Ecuador


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  Exploration Analysis
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Exploration Analysis

In a bold effort designed to stimulate economic growth by increasing oil production, the government of Ecuador withdrew from the Organization of Petroleum Exporting Countries (OPEC) in 1992. Concurrently, foreign oil companies initiated efforts to accelerate exploration and increase oil production, while continuing to lobby for improvements to the existing petroleum legislation. In November 1993, President Sixto Duran and the National Congress of Ecuador approved a bill which outlined reforms to the Hydrocarbon Law, designed to stimulate growth in the oil and gas sector, increase private sector investment, and improve existing laws governing protection of the environment.

To year-end 1995, the changes to the Hydrocarbon Law have resulted in only a moderate improvement in the financial attractiveness of investments in Ecuador’s petroleum sector. However, the provisions for contract modifications for heavy oil discoveries, or for lighter oil discoveries in existing fields, may have a beneficial impact on project economics.

The United States Geological Survey estimates Ecuador’s proven and undiscovered oil reserves are approximately 2.5 and 2.6 billion barrels respectively. Based on current levels of oil production, the country has a reserves life index of 19 years. Proven and undiscovered gas reserves are 4.1 TCF and 6.1 TCF, respectively. With the exception of the offshore Amisitad gas field in the Guayas Basin, all of the gas being produced is associated or solution gas, and most is being flared.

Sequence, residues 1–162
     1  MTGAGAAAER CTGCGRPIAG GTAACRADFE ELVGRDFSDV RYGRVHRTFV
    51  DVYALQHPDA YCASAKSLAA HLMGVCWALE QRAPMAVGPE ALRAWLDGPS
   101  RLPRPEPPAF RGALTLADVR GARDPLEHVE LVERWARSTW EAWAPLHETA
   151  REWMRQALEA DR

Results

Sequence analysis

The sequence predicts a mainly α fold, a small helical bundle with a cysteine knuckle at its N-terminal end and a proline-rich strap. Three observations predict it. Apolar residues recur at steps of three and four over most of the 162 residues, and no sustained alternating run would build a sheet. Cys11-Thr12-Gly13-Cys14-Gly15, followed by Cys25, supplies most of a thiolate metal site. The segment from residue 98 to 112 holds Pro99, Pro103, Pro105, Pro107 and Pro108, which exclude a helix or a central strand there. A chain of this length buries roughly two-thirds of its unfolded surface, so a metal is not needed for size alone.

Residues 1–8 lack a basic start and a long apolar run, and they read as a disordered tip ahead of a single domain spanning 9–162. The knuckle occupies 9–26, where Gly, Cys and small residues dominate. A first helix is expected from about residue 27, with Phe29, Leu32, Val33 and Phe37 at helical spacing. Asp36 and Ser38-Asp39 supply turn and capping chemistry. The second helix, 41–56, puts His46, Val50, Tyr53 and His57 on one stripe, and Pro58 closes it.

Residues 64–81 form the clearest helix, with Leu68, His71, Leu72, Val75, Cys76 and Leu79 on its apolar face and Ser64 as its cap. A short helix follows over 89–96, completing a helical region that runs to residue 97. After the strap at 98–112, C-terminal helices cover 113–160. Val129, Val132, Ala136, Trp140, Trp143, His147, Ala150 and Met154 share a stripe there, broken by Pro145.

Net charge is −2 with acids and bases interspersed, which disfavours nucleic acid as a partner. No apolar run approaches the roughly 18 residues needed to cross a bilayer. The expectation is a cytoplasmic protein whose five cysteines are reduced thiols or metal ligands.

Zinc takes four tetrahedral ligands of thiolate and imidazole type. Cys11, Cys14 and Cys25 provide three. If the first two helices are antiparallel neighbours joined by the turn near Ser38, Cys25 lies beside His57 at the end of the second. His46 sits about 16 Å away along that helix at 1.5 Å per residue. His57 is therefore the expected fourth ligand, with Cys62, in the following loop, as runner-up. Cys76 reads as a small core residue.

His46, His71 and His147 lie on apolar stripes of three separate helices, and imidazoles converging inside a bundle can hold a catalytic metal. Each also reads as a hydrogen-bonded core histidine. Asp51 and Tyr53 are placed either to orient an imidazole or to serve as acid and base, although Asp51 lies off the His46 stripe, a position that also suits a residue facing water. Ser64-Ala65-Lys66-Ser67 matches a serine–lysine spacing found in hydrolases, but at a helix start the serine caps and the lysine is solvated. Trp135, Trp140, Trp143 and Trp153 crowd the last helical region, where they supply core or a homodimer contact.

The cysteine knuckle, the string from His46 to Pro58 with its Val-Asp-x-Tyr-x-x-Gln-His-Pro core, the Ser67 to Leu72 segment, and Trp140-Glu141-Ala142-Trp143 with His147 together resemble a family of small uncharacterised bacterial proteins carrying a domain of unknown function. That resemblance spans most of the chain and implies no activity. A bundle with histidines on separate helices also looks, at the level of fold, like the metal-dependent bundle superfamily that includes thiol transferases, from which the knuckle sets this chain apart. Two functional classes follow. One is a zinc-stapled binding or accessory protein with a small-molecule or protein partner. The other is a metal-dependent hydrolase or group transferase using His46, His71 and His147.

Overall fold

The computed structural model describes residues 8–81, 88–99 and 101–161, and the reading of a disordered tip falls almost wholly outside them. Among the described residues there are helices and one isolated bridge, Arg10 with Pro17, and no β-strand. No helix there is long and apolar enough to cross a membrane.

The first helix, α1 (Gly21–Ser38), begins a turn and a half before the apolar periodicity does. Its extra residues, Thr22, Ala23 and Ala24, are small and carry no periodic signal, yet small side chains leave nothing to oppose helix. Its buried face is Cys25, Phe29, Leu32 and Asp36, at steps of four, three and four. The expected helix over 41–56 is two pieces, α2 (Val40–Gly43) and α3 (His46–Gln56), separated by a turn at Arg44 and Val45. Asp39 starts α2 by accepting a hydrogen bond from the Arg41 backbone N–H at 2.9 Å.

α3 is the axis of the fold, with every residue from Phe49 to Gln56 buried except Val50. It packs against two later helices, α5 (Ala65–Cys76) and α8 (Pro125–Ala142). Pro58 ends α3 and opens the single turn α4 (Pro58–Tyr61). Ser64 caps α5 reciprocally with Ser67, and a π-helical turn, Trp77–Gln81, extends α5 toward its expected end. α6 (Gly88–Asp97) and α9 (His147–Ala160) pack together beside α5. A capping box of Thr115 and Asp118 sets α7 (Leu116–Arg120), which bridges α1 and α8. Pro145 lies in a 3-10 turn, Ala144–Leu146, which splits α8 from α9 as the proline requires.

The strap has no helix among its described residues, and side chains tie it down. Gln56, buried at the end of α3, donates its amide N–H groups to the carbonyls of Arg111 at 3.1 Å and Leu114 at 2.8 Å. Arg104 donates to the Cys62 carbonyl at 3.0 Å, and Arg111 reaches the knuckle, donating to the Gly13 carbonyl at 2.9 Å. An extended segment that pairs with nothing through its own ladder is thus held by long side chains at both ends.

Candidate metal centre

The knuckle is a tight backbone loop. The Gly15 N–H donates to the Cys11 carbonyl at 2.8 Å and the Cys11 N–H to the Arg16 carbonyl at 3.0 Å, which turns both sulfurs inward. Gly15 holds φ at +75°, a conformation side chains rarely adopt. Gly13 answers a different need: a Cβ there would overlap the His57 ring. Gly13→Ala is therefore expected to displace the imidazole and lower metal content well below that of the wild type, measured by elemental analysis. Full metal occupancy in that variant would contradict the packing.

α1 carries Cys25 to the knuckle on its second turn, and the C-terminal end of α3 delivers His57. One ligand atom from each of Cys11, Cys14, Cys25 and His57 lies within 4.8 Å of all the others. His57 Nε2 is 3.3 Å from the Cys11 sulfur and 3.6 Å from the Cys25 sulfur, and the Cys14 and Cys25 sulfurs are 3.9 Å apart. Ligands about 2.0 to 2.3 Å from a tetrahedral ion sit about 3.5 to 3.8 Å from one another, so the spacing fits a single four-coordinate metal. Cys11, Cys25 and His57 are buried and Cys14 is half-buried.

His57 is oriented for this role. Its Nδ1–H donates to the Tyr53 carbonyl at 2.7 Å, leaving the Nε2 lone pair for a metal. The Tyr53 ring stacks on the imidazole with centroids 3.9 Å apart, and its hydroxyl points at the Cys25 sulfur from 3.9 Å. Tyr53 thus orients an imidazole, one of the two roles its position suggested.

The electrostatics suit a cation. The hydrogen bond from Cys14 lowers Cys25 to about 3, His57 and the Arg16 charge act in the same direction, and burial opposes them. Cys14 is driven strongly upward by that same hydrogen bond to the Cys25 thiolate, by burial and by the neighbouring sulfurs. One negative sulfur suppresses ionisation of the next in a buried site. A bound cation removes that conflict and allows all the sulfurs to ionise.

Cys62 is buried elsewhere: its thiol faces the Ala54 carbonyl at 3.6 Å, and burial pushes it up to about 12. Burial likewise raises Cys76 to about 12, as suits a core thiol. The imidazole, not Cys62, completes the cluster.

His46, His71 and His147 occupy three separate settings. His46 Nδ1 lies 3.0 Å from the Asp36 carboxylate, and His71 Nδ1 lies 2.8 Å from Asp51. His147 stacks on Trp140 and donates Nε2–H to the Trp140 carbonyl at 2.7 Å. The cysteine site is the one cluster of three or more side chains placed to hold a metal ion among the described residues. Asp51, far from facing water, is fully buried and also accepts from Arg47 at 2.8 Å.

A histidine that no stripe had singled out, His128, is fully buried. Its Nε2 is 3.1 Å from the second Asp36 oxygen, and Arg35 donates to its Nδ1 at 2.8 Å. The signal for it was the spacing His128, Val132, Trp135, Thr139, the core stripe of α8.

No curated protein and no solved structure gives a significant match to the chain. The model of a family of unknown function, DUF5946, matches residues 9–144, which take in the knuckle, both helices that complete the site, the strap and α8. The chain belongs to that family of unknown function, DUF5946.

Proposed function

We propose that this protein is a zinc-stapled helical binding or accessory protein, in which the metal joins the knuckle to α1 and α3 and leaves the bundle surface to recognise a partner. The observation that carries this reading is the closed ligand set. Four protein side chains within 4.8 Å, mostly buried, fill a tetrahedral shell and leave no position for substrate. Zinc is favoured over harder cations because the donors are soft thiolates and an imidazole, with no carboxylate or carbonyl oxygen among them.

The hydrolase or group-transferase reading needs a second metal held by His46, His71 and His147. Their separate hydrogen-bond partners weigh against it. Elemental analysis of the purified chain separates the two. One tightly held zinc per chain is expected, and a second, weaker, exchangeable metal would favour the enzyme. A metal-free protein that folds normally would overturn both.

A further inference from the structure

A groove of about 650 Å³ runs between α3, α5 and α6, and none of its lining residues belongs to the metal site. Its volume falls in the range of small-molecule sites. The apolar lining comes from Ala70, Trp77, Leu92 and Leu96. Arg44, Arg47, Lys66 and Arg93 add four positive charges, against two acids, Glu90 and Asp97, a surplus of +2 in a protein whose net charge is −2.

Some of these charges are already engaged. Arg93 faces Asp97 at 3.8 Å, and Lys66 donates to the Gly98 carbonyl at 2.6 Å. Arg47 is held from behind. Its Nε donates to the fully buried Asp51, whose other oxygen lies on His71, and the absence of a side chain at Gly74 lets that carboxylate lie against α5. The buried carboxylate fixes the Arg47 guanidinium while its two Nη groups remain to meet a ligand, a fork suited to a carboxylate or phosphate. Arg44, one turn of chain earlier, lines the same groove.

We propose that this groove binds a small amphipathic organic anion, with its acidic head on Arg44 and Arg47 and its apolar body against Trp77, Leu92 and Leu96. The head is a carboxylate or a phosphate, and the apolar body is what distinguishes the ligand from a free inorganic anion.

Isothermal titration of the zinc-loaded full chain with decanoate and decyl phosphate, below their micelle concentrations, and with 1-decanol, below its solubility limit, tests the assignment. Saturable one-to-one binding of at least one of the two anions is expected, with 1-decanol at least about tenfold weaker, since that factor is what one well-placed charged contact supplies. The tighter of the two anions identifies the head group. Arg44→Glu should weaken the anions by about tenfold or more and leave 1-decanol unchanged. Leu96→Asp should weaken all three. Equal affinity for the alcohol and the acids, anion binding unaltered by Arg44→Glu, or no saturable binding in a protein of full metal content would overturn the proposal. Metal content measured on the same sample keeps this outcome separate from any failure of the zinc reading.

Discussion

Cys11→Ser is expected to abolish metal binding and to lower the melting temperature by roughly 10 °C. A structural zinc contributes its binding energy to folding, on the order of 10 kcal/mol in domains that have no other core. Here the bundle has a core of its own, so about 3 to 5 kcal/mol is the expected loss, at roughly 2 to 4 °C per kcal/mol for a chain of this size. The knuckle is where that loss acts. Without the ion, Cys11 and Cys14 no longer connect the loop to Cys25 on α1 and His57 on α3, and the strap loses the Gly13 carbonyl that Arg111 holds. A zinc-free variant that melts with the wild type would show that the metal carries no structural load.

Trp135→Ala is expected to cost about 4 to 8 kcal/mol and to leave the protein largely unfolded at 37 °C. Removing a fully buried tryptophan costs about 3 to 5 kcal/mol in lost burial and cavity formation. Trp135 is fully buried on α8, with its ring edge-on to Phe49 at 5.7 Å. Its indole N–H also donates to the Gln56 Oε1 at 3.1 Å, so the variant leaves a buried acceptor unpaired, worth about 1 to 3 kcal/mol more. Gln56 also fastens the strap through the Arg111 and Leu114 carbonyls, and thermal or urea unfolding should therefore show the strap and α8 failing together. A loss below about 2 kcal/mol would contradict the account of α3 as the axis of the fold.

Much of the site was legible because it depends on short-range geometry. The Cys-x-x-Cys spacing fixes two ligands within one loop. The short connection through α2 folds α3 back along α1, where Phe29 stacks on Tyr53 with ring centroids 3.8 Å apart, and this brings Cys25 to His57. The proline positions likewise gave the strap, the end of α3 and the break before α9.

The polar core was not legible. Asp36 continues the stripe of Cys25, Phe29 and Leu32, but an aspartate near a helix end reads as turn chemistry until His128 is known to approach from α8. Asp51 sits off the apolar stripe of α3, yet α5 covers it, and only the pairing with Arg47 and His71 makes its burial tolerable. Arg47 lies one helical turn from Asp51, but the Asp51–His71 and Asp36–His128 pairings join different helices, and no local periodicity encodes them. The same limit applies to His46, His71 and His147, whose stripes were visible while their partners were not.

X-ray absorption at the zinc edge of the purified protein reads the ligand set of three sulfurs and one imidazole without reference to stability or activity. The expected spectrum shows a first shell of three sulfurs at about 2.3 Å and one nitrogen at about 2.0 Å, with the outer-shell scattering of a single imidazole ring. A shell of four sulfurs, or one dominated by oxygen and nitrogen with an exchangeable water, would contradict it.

The Oriente Basin, covering an area of approximately 100,000 km2, is the most prolific hydrocarbon producing area in the country, and will probably provide the majority of future oil additions. The oil-producing Santa Elena Basin is at a mature stage of exploration/development, and given the variable nature of reservoir quality and distribution, should be considered high risk.

In early 1994, Petroecuador held its first licensing round, incorporating the new production sharing contract terms. The government offered 13 blocks located in the onshore Oriente and onshore/offshore Santa Elena/Guayas Basins, but received only US$185 million for bids on eight blocks, far short of the expected US$2.8 billion. Subsequent licensing rounds were held, culminating in the 8th round in mid-1995.

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For more information contact:

Leslie Sears
Petrel Robertson Consulting Ltd.
500, 736- 8th Avenue S.W.
Calgary, Alberta
T2P 1H4

Phone: (403) 218-1618
Fax: (403) 262-9135
lsears@petrelrob.com
Note:

This summary, part of Petrel Robertson’s 1995 summary of exploration and development opportunities in 31 countries around the world, has not been updated. Some of the information, particularly relating to political and economic issues, is thus out of date. It is included, however, to demonstrate the breadth and depth of Petrel’s work in each of these nations.

Copyright © 2014 Petrel Robertson Consulting Ltd.